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To Greece

The Withdrawal of 6 Brigade to Monemvasia, 27–28 April

page 442

The Withdrawal of 6 Brigade to Monemvasia, 27–28 April

On 27 April, when 4 Brigade was waiting to embark from Porto Rafti, 6 Brigade was in the Tripolis area preparing to move south that night to Monemvasia. As the troops had by then learnt the value of concealment they suffered little from air attacks. Those who took the greatest risks were the staff and reconnaissance parties moving south to the embarkation area. General Freyberg visited Brigade Headquarters and it was decided that there should be one long night withdrawal, a distance of over 100 miles across several mountain ranges with tortuously winding roads. The instructions were then issued, but it was suddenly decided that 26 Battalion should move that day, leaving the road relatively clear for the other battalions.

About midday the companies were strung out along the highway and enemy aircraft were soon active. However, a working party went ahead to fill in bomb craters, orders about dispersal were strictly enforced and the Divisional Supply Column drivers maintained a high average speed, driving south-east across the plain and over the mountains to the Sparta area, one of the loveliest in Greece. Away to the west was the blue wall of the Taygetus Range overshadowing the orange and mulberry groves, the oleanders and cypresses, and the fields of gladioli, hyacinths and asphodels. The road continued southwards over the hills, passing one village after another, each with its flock of sheep, its pigs, its goats and its fowls, its olive trees and its dark-green orange grove. Finally, instead of continuing south to Yithion, the port of Sparta, they turned south-eastwards to the small plain about Molaoi, about 15 miles from the evacuation beaches at Monemvasia.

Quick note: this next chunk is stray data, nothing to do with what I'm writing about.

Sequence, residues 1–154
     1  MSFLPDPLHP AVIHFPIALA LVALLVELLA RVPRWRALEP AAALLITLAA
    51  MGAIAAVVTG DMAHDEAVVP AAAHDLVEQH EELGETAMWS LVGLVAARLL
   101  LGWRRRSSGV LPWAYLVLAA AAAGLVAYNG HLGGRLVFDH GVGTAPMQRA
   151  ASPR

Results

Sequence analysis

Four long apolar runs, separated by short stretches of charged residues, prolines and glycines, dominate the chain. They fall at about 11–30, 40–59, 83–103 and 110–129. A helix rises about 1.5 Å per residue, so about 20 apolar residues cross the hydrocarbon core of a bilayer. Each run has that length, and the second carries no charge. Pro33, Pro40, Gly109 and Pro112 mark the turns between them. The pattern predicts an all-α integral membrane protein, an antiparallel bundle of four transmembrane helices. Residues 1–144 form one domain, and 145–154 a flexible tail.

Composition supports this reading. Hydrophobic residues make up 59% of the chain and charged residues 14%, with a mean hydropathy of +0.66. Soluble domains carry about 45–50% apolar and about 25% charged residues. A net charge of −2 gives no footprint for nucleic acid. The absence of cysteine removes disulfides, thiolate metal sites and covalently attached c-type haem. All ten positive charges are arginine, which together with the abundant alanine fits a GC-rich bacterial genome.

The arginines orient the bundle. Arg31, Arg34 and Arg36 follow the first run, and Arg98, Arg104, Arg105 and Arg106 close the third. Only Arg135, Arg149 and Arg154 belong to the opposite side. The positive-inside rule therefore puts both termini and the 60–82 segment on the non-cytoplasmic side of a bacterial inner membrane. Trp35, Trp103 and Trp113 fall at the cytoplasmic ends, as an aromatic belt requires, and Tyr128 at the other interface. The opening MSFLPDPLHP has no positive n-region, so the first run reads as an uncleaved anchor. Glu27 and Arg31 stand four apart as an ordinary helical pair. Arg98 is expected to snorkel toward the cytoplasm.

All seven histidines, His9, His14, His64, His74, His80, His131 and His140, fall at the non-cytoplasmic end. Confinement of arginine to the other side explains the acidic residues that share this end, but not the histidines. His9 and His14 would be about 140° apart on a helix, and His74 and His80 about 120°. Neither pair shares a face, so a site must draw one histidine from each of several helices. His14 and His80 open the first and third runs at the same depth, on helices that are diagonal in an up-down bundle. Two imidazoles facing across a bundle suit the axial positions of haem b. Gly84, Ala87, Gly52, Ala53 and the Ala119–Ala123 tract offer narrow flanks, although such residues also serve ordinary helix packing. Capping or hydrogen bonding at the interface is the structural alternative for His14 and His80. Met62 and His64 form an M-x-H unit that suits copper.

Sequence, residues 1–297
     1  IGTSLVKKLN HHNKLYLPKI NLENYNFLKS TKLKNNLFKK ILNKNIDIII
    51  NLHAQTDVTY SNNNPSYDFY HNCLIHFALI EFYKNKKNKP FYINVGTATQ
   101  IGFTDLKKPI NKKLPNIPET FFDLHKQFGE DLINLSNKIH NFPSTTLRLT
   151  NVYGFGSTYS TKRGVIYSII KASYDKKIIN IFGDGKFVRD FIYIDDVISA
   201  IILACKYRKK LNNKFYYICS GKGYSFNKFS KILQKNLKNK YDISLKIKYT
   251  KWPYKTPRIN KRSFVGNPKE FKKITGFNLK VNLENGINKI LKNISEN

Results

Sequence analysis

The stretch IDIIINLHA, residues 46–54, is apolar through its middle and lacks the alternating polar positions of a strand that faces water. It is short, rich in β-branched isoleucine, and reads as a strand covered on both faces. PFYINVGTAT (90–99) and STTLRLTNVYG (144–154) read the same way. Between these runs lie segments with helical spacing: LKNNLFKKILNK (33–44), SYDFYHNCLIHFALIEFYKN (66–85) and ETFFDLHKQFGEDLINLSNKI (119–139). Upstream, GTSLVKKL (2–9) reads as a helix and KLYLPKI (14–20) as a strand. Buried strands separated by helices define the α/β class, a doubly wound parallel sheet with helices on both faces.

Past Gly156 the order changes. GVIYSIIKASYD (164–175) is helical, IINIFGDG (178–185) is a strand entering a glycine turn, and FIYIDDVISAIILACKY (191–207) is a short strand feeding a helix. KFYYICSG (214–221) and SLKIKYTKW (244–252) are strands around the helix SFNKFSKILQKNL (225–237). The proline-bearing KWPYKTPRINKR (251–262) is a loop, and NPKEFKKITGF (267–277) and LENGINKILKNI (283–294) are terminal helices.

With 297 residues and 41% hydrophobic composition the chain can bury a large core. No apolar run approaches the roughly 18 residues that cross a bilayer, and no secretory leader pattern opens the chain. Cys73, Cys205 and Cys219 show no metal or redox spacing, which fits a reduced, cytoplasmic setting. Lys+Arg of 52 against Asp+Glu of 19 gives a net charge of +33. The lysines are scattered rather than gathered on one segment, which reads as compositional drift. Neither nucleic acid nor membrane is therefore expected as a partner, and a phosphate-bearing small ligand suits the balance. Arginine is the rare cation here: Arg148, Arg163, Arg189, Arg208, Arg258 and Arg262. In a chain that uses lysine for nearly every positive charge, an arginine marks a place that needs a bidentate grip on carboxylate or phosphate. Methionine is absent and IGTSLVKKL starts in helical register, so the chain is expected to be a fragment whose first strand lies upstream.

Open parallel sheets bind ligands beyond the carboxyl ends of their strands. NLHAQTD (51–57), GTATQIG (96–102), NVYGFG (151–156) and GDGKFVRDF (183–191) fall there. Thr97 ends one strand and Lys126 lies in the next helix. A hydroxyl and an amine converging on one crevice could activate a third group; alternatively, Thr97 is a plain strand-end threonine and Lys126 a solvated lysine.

The withdrawal that night of 24 and 25 Battalions was not delayed by the approach of any German force. The Divisional Supply Column moved forward up the narrow, winding one-way road to the defences on the northern hills. After turning round at the crest of the pass—no other suitable point could be found— the Column collected 25 Battalion and hastened south through Tripolis. The companies of 24 Battalion, already embussed and waiting in the centre of the town, then moved off, the drivers concentrated on their task and by morning, after the fastest night move of the campaign, the battalions were safely under cover near Molaoi. Fourth Field Ambulance, which had left about 8.30 p.m., was already there with the thirty-seven wounded, some of them from the Greek hospital in Tripolis.